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Policy News & Info (Title IV-E)
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Children's Bureau Permits Funding for Child and Parent Legal Representation


In an update to the Child Welfare Policy Manual (CWPM), which contains policy questions and answers applicable to child welfare programs operated by the Children’s Bureau, the administration now allows title IV-E agencies to be reimbursed for the administrative costs of legal representation for children and parents in child welfare cases. 


The Children’s Bureau removed Q/A 8.1B #18 and added the following new Q/A to section 8.1B:


Question:  May a title IV-E agency claim title IV-E administrative costs for attorneys to provide legal representation for the title IV-E agency, a candidate for title IV-E foster care or a title IV-E eligible child in foster care and the child’s parents to prepare for and participate in all stages of foster care related legal proceedings?


Answer: Yes. The statute at section 474(a)(3) of the Act and regulations at 45 CFR 1356.60(c) specify that Federal financial participation (FFP) is available at the rate of 50% for administrative expenditures necessary for the proper and efficient administration of the title IV-E plan. The title IV-E agency’s representation in judicial determinations continues to be an allowable administrative cost.


Previous policy prohibited the agency from claiming title IV-E administrative costs for legal services provided by an attorney representing a child or parent. This policy is revised to allow the title IV-E agency to claim title IV-E administrative costs of independent legal representation by an attorney for a child who is a candidate for title IV-E foster care or in foster care and his/her parent to prepare for and participate in all stages of foster care legal proceedings, such as court hearings related to a child’s removal from the home. These administrative costs of legal representation must be paid through the title IV-E agency.  This change in policy will ensure that, among other things: reasonable efforts are made to prevent removal and finalize the permanency plan; and parents and youth are engaged in and complying with case plans.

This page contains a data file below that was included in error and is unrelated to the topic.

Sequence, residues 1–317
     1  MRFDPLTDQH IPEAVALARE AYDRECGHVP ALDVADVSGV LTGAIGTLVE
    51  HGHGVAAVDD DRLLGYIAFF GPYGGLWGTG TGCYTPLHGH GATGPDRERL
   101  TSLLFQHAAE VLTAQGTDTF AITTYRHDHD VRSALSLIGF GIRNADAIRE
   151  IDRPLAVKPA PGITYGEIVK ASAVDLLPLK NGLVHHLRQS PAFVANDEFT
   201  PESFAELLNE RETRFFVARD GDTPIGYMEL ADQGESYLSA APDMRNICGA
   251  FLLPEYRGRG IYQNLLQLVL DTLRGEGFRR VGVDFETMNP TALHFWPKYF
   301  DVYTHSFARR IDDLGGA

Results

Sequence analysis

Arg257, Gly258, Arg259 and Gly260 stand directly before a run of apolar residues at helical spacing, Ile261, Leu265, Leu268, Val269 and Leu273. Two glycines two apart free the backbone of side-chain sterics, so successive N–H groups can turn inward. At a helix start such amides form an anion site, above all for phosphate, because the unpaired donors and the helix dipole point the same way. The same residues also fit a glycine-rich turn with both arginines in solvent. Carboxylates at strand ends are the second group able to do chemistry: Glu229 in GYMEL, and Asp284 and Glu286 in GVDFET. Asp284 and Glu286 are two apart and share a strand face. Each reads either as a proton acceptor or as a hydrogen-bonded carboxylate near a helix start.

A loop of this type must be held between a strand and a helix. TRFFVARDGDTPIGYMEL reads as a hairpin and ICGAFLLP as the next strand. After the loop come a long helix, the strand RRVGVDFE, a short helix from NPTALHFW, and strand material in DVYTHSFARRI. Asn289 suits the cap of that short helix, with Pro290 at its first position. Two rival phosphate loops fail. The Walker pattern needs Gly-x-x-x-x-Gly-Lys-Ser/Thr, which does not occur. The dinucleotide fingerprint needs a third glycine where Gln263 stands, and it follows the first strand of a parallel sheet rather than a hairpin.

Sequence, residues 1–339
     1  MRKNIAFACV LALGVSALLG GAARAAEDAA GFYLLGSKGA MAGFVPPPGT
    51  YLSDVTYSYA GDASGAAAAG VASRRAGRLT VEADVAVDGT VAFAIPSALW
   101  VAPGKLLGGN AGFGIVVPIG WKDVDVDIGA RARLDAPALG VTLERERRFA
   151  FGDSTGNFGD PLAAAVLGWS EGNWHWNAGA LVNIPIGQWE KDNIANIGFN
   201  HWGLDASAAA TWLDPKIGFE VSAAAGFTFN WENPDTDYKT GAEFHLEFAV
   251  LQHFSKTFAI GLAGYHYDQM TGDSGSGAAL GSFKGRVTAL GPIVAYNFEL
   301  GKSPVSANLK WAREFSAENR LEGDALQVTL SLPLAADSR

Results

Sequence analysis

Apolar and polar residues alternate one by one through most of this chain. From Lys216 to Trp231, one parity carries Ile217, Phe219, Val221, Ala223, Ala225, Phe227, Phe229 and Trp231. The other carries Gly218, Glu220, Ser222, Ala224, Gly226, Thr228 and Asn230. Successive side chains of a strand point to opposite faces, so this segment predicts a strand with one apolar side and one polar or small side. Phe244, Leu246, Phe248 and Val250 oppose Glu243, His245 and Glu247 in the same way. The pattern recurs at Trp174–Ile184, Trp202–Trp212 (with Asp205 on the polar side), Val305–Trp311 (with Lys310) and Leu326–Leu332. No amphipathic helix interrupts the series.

Here is a regularly updated list of articles and resources you may find useful:

  • NACC's Member-Webinar on Title IV-E Expansion for Legal Representation:

Click here for Member Access

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Ask NACC:  For more information on how to seize this opportunity and enhance legal service delivery systems for children in your state please contact NACC Special Counsel Allison Green ( or NACC Executive Director (


For 43 years NACC has led the development of practice standards, guidelines, and core competencies in child welfare law and practice. NACC conducts statewide audits evaluating access to counsel and quality of representation to provide comprehensive examination of state and local delivery systems as well as state laws, rules, and policies regarding appointment of counsel, scope of representation, caseloads, compensation, resources and supports.  Following an evaluation NACC can work with your jurisdiction to develop statutory schemes, representation models, statewide oversight, practice standards, and model law offices.  


NACC applauds this change as the fruition of putting sound policy into practice in the interests of children and families.  Dr. Jerry Milner, Associate Commissioner of the Children’s Bureau and Special Assistant David Kelly prepared an article for NACC’s Guardian this spring on How Attorneys and Judges Help Strengthen Families, David Kelly also wrote a recent piece on It’s time to Follow the Law and Take Reasonable Efforts Seriously, and the Children’s Bureau recently issued a special edition of Children’s Bureau Express highlighting the importance of the role the legal and judicial community plays in improving outcomes for Children and Families (as they had at NACC’s Conference this August).  It’s thrilling to see this momentum lead to policy change and NACC thanks everyone involved for their advocacy and leadership. 

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